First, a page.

When she was eight, Monica Seles of Novi Sad, Yugoslavia, visited Monte Carlo with her family. She put a coin in a slot machine, pulled the lever and shut her eyes. Three lemons. Coins rained upon her. Unlike the lever-happy men and women all around her, though, she didn't feed the machine her windfall. She pocketed it.
Curious restraint for a child. But not for Monica, who has resisted numerous temptations since then—not from the slots but from her success at tennis, which seems to be beckoning her down the road to early stardom. Now 14, the 5'5", 100-pound Monica, who's known for her gauche on-court grunting and her mean two-fisted ground strokes, played her first two pro tournaments in March. Alhough she is still an amateur, she turned heads at both.
At the Virginia Slims tournament, in Boca Raton, Fla., Monica beat 35th-ranked Helen Kelesi, 7-6, 6-3, while Steffi Graf and Chris Evert looked on. Then Monica took on Evert, who is 19 years her senior. Monica lost 6-2, 6-1, but Evert conceded the score could easily have been a lot closer. A week later, at the Lipton championships in Key Biscayne, Fla., Monica defeated 140th-ranked Louise Field 6-0, 6-3. In her next match she held three set points against Gabriela Sabatini before succumbing 7-6, 6-3.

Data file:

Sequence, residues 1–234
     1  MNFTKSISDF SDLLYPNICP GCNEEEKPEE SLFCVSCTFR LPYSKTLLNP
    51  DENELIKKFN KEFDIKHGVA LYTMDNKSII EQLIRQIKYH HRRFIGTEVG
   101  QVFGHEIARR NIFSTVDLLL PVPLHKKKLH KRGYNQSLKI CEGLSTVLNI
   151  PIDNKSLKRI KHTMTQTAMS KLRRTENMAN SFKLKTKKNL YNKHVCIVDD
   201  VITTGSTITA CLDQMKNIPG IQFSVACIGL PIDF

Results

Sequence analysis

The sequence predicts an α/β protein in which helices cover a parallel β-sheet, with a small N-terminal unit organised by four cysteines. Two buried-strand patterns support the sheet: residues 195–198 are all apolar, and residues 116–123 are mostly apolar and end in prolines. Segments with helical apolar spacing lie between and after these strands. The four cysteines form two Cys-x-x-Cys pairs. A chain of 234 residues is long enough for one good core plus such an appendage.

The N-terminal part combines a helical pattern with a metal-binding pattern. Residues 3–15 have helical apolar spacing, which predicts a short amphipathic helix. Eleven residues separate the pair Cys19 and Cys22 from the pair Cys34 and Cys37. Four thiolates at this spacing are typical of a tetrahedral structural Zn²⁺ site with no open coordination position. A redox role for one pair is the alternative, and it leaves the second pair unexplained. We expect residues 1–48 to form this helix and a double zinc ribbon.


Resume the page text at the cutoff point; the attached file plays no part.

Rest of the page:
True, Monica suffered losses in both events, but what seductive losses they were—like coins from the slots, crying out, "Play harder. Gamble more." However, she refuses to give in to temptation. She says she won't turn professional until she finishes high school, and she won't have played another tournament until the U.S. Open this month. In the meantime she is practicing her serve and volley so they'll be as strong as her ground strokes. "Many people want to be the youngest to do this, the youngest to do that," she says. "I don't want to set records. You can hurt yourself. I just want to be good when I'm 19."
August 21, 1988
For all her humble talk, Monica is already a lot more than good. Since 1982, when she picked up her first tennis racket, put on a headband and tried to imitate Bjorn Borg, Monica has never lost to anyone her age or younger. At nine, just a year after she started playing, she competed in the Yugoslav 12-and-under girls championships. "She didn't know the rules," says Zoltan, 23, her older brother, co-coach and a former Yugoslav 18-and-under champion. "She was playing the points and not counting. She was always asking me whether she was winning or losing." Monica was winning. She pocketed her victory and returned home to hit more balls against the wall.
Monica reemerged at age 10 in 1984, winning the 12-and-under European championships, in Paris. In 1985 she was named Sportswoman of the Year in Yugoslavia, the first person under the age of 18 ever to be so honored. That same year, as she was winning the Orange Bowl 12-and-under crown in Miami, she was spotted by Nick Bollettieri, coach to such promising players as Andre Agassi.